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Nourishing Knowledge Blog Post One: Learning the Labels

Post One: Learning the Labels

Choosing pre-packaged foods low in fat, sugar and salt and high in dietary fibre are often hard to find on the supermarket shelves. Especially when companies are very sneaky in the way they market and advertise how ‘healthy’ their product may be. Here are some useful tools to navigate your way around a food label.

The first rule of thumb is to try to buy most of your food from the perimeter of the supermarket, stick to un­packaged foods such as vegetables, fruits, meats, fish, nuts and legumes. These foods don’t have labels and are low in sugar, salt and harmful fats.

If you do need to venture into the centre isles, use your food label ‘know how’ and make healthier choices.

Watch out for:

Low Fat: this food must have 3g of fat or less per 100g, but look at the label because it may be high in sugar instead.

Fat Free: this food must have 0.15g fat or less per 100g food, but again look at the label because it may be high in sugar instead.

Lite or Light: always check the nutrition information label on these foods because lite may mean the food is lite in colour or taste, or something else and not lite in salt, fat or sugar.

No Added Sugar: this food has no ‘added’ sugar but may still be high in sugar so check your label.

Low Joule or Diet: this food is either low in sugar and/or fat and is may be artificially sweetened.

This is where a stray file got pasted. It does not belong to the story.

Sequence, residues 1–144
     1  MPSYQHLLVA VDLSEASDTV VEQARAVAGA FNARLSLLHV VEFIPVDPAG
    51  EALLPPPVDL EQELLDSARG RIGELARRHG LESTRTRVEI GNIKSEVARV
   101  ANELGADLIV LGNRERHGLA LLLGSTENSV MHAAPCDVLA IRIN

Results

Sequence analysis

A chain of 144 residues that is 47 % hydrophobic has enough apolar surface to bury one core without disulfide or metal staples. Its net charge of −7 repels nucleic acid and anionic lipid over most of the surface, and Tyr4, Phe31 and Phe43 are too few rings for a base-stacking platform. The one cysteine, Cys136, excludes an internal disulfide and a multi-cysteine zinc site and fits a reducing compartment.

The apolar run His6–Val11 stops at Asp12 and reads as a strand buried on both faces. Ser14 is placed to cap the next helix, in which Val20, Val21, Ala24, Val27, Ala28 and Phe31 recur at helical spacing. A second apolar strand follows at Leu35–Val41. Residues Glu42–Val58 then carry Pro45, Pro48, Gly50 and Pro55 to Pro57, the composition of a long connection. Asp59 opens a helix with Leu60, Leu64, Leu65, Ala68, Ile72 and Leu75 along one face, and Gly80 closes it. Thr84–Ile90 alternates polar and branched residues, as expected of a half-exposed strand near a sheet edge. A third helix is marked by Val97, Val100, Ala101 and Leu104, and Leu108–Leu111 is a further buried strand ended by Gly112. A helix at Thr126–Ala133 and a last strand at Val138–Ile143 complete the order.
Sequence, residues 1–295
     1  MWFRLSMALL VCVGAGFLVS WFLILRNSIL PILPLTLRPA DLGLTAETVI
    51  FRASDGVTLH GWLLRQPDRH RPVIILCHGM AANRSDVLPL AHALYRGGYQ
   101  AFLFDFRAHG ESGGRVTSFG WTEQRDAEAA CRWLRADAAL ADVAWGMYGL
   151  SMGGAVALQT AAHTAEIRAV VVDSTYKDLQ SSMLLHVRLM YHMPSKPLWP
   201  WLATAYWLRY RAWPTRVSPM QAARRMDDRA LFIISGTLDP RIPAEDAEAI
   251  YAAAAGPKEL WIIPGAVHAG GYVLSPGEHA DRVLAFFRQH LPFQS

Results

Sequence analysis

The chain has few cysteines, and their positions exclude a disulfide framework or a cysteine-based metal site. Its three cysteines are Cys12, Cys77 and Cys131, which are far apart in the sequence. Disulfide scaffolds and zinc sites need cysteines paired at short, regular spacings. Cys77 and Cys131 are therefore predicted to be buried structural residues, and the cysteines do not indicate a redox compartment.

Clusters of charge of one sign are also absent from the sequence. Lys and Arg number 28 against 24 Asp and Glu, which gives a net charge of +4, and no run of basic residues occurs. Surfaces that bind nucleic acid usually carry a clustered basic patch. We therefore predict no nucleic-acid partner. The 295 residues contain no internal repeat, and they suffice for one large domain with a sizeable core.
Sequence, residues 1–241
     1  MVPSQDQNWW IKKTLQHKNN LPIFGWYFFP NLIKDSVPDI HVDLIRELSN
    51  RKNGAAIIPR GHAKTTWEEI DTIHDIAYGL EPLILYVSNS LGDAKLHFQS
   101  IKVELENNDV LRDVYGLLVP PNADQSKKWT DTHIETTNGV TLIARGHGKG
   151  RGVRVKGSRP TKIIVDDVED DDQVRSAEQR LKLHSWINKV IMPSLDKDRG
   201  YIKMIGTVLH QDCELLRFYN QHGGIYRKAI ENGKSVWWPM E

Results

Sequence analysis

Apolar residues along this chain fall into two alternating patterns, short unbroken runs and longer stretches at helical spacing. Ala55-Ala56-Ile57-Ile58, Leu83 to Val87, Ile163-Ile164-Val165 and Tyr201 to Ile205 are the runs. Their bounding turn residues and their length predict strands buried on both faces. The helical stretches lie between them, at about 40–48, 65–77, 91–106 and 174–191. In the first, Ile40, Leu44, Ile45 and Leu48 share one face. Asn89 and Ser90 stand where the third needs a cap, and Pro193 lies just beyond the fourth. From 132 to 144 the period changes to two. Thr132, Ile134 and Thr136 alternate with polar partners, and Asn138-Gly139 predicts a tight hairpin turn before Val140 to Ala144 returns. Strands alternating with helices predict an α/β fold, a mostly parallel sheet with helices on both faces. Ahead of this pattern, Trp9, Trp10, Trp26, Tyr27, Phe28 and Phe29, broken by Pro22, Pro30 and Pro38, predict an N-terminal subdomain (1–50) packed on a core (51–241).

No Added Salt: this food has no ‘added’ salt but may still be high in salt so check the label for the salt content.

Salt Reduced: this food has 25% less salt than a similar product. Lower salt is good but the food may still be high in salt so check the label.

Low Salt or Low Sodium: this food must have less than 120mg sodium per 100g and is a good choice

High Fibre: this food must have more than 3g of fibre per 100g and is a good choice.           

Practice comparing similar packaged products, such as cereals or yoghurts. You can do this in your local food store or supermarket, or visit the supermarket online and compare. We would love for you to share your findings.

References:

Diabetes State/Territory Organisations 2012, Reading Food Labels, http://diabetesnsw.com.au/wp-content/uploads/2014/12/DA-30-Reading-food-labels.pdf, viewed April 2016.
Dietitians Association of Australia 2015, Understanding food labels, http://healthyweightweek.com.au/understanding-food-labels/, viewed April 2016.
National Health and Medical Research Council 2015, How to Understand Food Labels, https://www.eatforhealth.gov.au/eating-well/how-understand-food-labels, viewed April 2016.